What has stood out is the entire unit impacting the recent games with great play in the defensive zone. Even the top line, known for its offensive impact, has seen Mathew Barzal, who scored the go-ahead goal in Game 4, willing to get himself in front of the net or attempt to create a turnover. Likewise, Jean-Gabriel Pageau has been an ideal center for playoff games like these, as he has been able to patrol the middle of the ice and help out the defense against a great Bruins offense. That’s led to his line helping impact the defensive end of the ice for the Islanders, in addition to the offensive end, as Pageau has a team-leading 10 points in the Stanley Cup Playoffs.

Varlamov Has Been Phenomenal

It’s hard not to look at the recent success and ignore the incredible play of Semyon Varlamov, who has faced 112 shots in the three second-round starts and only allowed six goals. Granted, the veteran goaltender has allowed the first goal in all three games of the Bruins series, as well as all five starts in the 2020-21 Stanley Cup Playoffs, forcing the Islanders into slow starts in multiple playoff games. Likewise, the overtime goal that was squandered in Game 3 was a shot that shouldn’t have found the back of the net but only did in large part to Varlamov exposing the top corner of the goal. However, the recent performances have kept the Islanders in the series and have kept the games low-scoring in the process.

Semyon Varlamov New York Islanders
Semyon Varlamov has been the starter for both of the Islanders wins in the Second Round against the Bruins. Semyon Varlamov, New York Islanders (Jess Starr/The Hockey Writers)

The Game 4 victory might be the best of the Stanley Cup Playoffs thus far, as Varlamov saved 28 of 29 shots in the 4-1 victory, with the only goal coming on a Bruins power play as part of a chaotic sequence. However, both Game 2 and Game 3 were games where the defense wasn’t able to keep the Bruins’ offense in check, as they constantly fired shots on the net. Yet, Varlamov kept the team in both games with 39 saves in each start, including leading the team to a Game 2 overtime victory. The Islanders needed great performances from their goaltenders, with the Bruins’ offense finding open shots on the net and breakaway chances on odd-man rushes, which is exactly what they have received in the series in the recent games.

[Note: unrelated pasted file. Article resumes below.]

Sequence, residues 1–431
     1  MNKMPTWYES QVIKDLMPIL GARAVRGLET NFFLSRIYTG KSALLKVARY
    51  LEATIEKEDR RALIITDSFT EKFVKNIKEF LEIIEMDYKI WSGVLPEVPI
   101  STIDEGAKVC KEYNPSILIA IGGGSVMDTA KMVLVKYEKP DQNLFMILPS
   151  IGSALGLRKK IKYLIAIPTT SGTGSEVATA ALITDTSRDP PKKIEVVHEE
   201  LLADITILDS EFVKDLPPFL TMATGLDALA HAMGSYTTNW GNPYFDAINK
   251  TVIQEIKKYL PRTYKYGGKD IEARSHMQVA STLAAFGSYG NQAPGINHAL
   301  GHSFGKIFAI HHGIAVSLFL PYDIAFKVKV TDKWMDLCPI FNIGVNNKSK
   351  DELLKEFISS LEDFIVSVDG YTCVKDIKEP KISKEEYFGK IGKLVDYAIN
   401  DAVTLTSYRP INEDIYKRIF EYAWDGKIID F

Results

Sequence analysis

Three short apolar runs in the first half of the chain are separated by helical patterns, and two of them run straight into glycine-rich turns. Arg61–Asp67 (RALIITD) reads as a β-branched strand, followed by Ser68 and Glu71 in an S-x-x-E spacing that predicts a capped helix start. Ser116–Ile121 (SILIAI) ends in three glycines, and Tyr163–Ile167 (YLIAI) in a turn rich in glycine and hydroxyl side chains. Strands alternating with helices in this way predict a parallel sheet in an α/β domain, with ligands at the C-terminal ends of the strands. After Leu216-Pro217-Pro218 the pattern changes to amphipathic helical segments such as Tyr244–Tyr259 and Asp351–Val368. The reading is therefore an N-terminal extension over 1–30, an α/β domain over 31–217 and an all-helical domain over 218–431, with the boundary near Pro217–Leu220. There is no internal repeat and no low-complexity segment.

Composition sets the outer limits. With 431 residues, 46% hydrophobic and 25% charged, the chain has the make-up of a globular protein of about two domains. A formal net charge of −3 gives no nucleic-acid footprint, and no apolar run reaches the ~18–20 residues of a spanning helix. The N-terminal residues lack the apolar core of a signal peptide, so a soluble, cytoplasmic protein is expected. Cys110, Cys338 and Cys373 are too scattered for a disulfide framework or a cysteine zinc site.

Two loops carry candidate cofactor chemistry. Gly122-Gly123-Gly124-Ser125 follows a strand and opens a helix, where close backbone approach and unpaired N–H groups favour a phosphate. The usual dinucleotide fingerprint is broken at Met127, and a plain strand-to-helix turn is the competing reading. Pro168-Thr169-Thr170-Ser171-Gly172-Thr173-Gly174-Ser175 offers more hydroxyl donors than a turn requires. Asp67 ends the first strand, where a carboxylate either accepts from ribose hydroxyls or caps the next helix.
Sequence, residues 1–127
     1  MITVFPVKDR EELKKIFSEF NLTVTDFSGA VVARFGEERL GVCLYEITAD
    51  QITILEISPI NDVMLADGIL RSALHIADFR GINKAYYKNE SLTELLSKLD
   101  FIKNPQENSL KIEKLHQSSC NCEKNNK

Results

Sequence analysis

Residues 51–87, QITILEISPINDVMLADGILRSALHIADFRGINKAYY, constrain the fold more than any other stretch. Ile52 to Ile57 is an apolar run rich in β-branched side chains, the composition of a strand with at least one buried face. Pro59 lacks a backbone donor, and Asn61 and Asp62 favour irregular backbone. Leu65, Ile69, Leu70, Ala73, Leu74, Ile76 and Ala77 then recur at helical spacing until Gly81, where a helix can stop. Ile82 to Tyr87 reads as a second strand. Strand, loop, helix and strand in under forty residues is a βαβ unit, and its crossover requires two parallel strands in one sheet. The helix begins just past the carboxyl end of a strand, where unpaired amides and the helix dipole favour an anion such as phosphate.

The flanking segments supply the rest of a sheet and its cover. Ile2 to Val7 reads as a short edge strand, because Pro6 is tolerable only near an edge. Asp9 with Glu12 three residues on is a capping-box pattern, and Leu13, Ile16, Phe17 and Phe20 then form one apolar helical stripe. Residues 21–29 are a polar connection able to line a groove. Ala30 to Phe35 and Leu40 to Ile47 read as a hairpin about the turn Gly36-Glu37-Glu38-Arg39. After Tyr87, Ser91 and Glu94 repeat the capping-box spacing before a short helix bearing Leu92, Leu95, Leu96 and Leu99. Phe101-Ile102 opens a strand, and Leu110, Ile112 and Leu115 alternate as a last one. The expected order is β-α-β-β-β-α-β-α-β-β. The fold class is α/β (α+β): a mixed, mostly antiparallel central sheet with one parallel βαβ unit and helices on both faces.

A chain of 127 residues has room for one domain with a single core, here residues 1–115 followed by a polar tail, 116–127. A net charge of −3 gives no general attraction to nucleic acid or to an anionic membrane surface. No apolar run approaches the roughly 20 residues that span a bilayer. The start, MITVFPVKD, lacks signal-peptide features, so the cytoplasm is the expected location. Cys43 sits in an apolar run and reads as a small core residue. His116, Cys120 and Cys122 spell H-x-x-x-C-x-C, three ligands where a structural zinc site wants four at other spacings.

How the Islanders Must Prepare for the Upcoming Games

The second-round series has essentially become a best-of-three game, with the series tied through four games. It’s still up for grabs with both teams gaining and losing momentum throughout each game itself and constantly adjusting to their opponents. The Islanders have to continue playing great defense, with the Bruins being more than capable of piling on the goals at any point. But the Islanders will also have to start finding goals where there otherwise wouldn’t be, as the offense has struggled at times in the playoffs. The Bruins are likely going to apply more pressure on the forecheck when the puck is in the defensive zone, and the ability to avoid surrendering easy scoring opportunities will be crucial in determining the upcoming games.